Medicine for Refugees, Food for the Needy

Everyone fears getting infected with the coronavirus during the COVID-19 pandemic. Many people avoid leaving their homes to reduce the risk. Read how Tzu Chi volunteers in Thailand continue to care for the health of refugees and provide aid for the poor during this challenging period.

Volunteers, wearing masks and gloves to protect themselves, visit a needy person in Thailand in May 2021.

A third wave of coronavirus infections started in Thailand in April 2021. The number of diagnosed cases rose from dozens to hundreds every day; by June, the number of new daily infections had reached into the thousands. All told, the country has recorded more than 190,000 cases since the pandemic began. The latest surge in infections prompted the Thai government to designate Bangkok and its nearby provinces as “dark red” zones—indicating the strictest level of control. Starting on May 1, gatherings were capped at 20 people. Sit-down dining was banned in restaurants; only takeout orders were allowed. Venues where the possibility of infection was higher, such as fitness clubs and gymnasiums, were ordered to close. Business hours at shopping centers and convenience stores were also shortened.

The tightened restrictions made life more difficult for people who worked odd jobs and did not have steady incomes. It also impacted those receiving long-term aid from Tzu Chi. Volunteer Chang Huei-lan (章惠蘭) stressed the need to reach out to people on the fringes of society in a time like this. Love and compassion are required even more in such difficult times. Despite the challenges posed by the virus, volunteers with Tzu Chi Thailand remain committed to aiding the impoverished.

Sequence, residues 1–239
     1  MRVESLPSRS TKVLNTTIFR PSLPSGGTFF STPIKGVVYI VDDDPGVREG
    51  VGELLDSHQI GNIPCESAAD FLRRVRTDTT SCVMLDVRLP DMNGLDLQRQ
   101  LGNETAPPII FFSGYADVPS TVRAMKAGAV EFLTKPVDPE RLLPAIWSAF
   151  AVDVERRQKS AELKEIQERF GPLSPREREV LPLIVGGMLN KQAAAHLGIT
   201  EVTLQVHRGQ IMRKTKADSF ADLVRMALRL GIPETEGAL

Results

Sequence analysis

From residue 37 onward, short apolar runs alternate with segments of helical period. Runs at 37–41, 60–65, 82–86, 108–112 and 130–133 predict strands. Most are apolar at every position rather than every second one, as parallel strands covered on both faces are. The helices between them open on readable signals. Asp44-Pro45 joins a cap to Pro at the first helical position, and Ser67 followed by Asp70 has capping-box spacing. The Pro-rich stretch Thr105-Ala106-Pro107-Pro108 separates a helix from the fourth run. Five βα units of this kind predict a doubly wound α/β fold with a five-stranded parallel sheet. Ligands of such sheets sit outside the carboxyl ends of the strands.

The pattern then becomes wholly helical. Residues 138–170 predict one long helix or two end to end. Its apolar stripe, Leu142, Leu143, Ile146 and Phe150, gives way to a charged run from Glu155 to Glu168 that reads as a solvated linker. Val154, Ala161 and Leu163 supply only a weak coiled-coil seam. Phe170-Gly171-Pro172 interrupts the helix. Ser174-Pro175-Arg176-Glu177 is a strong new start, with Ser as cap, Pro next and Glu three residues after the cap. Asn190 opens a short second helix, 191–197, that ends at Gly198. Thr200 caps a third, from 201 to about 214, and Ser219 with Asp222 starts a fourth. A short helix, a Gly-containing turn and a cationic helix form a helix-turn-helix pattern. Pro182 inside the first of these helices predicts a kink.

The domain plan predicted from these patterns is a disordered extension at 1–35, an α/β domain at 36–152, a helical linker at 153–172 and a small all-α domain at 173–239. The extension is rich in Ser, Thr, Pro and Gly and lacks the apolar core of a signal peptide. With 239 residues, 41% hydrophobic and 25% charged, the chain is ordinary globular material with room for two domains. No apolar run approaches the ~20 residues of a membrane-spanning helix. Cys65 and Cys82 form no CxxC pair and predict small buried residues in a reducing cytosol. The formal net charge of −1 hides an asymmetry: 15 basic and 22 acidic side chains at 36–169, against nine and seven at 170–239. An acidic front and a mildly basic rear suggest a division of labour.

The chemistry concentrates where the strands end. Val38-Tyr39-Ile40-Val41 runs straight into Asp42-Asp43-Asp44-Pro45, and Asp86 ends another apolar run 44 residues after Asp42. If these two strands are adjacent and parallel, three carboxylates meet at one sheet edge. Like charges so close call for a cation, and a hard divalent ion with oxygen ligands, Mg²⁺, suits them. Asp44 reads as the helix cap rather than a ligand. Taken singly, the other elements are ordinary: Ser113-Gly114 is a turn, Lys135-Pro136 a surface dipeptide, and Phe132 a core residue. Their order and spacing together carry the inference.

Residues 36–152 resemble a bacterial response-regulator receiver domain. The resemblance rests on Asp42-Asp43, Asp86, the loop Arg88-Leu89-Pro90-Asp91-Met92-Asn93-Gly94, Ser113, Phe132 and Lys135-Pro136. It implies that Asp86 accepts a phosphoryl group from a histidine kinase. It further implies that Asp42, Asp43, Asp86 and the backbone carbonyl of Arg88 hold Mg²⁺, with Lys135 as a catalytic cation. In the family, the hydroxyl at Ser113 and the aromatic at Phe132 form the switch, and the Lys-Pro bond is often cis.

Volunteers have also continued helping the sick. The free clinic center at the Tzu Chi Jing Si Hall in Bangkok, inaugurated in January 2021, caters mostly to refugees and low-income people. Though it is temporarily closed because of the pandemic, volunteers have worked out a way to continue serving patients. Many of the refugees the clinic cares for suffer from chronic illnesses, and their medical needs don’t come to a halt just because of the pandemic. “We must continue giving to them to safeguard their health,” said Chang Huei-chen (張惠珍), head of an administrative team for the free clinic task force of Tzu Chi Thailand. “Our medical service cannot come to a stop.”

Medicine delivery service

Thailand is about 14 times larger than Taiwan, or about the size of Spain. The country hosts many refugees from a variety of other nations. Most do not enjoy the right to work, and their lives are difficult. If they become sick or suffer from chronic conditions, such as diabetes, high blood pressure, or heart disease, they miss out on timely treatment. They just can’t afford the medical bills.

To help address this need, Tzu Chi Thailand started providing free monthly medical services to this group of people in 2015. Over the past six years, they have logged more than 31,000 patient visits. At the beginning of this year, a free clinic center was inaugurated at the Jing Si Hall in Bangkok in order to help even more people in need. The center was open for treatment every Tuesday and Saturday, but had to temporarily close in mid-April due to the pandemic. In the wake of the closure, the center’s medical team became concerned about patients requiring medication for chronic illnesses. They decided to initiate a service to deliver medicine to these patients’ homes to help maintain their health.